same time his automobile highways destroy countless armadillos,
which have not yet learned the proper techniques for survival
in the automobile age. Nature itself helps by its "co-operatives."
A brush pile, a fallen tree take flowering plants into protective
custody by sheltering them from grazing animals.
Absence of an index is, for the serious reader, the one major
defect of the book. Such formidable apparatus is no more out of
place in an informal presentation than are the scholarly impedi-
menta of footnotes which liberally besprinkle the pages. In fact,
the very informality, which permits unexpected data in unex-
pected places, makes the need the more imperative. The defect
may be remedied, of course, by the energetic reader, who can
make his own index as he goes. But if the book, as its merit
deserves, goes into successive editions, it is to be hoped that he
will not have to.
Behind "the adventures of a naturalist" is a man of stature
whose rich cultural heritage is drawn equally from the world of
books and the world of nature.- Heartening, and amazing in so
mechanized an age, is the ripe human wisdom of a man who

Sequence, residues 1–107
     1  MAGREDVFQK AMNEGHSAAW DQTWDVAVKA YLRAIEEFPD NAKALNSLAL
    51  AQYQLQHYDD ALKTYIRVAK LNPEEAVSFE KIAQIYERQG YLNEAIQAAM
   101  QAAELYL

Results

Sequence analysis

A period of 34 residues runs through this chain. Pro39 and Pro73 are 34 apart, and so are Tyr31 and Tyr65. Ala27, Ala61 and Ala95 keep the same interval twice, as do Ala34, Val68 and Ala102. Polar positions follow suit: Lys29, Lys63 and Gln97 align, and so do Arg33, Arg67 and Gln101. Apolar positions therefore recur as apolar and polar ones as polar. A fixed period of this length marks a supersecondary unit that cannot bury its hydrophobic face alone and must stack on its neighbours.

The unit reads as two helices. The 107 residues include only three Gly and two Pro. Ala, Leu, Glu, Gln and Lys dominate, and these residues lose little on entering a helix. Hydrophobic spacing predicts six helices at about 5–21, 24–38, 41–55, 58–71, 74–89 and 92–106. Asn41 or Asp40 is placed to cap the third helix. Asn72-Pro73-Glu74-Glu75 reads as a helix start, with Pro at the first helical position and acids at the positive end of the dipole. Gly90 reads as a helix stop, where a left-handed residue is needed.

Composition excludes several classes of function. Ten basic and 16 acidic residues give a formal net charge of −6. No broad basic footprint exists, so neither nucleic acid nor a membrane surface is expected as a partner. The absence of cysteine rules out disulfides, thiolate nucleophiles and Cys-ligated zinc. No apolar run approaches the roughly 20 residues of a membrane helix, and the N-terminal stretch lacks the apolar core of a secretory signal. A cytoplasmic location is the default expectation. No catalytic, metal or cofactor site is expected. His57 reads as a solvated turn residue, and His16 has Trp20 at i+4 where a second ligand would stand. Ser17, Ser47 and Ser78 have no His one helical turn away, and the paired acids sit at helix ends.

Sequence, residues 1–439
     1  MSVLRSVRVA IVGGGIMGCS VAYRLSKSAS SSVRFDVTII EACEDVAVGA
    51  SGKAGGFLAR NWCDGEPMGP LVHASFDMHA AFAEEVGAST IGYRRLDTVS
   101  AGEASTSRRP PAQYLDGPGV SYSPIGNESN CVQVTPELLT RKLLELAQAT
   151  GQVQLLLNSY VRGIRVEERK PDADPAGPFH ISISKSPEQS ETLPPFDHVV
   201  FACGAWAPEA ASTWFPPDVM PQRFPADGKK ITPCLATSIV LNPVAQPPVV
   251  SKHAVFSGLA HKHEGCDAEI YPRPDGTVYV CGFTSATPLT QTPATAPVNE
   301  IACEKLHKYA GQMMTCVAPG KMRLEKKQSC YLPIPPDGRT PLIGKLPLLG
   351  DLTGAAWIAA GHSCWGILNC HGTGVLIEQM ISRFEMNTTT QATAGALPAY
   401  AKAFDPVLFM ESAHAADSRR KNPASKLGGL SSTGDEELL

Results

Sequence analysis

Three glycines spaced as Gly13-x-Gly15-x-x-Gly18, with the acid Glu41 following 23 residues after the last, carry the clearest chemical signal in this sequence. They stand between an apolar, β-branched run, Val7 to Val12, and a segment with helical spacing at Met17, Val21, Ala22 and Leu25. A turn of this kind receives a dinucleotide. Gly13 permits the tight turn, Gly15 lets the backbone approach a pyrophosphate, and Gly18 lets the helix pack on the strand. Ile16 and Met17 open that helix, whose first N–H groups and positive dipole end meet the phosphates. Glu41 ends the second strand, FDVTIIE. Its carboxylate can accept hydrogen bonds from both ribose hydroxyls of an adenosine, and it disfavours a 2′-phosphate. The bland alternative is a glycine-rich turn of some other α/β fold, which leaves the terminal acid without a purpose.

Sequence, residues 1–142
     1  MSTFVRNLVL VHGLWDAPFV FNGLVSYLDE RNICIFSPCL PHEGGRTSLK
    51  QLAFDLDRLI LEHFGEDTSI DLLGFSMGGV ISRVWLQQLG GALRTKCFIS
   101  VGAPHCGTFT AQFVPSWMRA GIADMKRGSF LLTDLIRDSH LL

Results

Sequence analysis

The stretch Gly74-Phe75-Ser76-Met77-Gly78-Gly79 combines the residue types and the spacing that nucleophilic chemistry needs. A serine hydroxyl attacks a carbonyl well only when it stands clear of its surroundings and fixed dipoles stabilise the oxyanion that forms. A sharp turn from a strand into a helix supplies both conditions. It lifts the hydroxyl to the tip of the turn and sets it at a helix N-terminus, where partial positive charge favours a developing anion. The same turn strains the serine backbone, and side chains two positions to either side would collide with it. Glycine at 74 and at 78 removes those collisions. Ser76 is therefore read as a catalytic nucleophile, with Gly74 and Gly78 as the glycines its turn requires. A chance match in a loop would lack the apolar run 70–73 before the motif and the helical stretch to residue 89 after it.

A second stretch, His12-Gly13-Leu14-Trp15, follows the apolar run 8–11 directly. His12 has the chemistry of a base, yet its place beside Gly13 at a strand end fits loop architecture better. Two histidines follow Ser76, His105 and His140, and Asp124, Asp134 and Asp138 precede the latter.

has kept his mind and soul in almost perfect balance. It is a
rare book, combining the rigorous objectivity, where necessary,
of the man of science with the comprehensive understanding of
MARY GRACE MUSE ADKINS
The University of Texas
Lincoln and the South. By J. G. Randall. Baton Rouge (Louis-
iana State University Press), 1946. Pp. xi+ 161. Illustra-
Beginning in 1937 the Graduate School and the Department
of History of Louisiana State University invited prominent uni-
versity professors and other scholars to deliver annually a series
of lectures in honor of Dr. Walter Lynwood Fleming, one of its
former professors of history. These lectures have in due time
appeared in print. The book here reviewed contains, except with
slight variations, the annual lectures delivered in 1945 by Dr. J.
G. Randall, professor of history in the University of Illinois.
Several years back I had the pleasure of reviewing Dr. Thomas
Texas State Historical Association. The Southwestern Historical Quarterly, Volume 51, July 1947 - April, 1948. Austin, Texas. The Portal to Texas History. http://texashistory.unt.edu/ark:/67531/metapth101119/. Accessed September 1, 2014.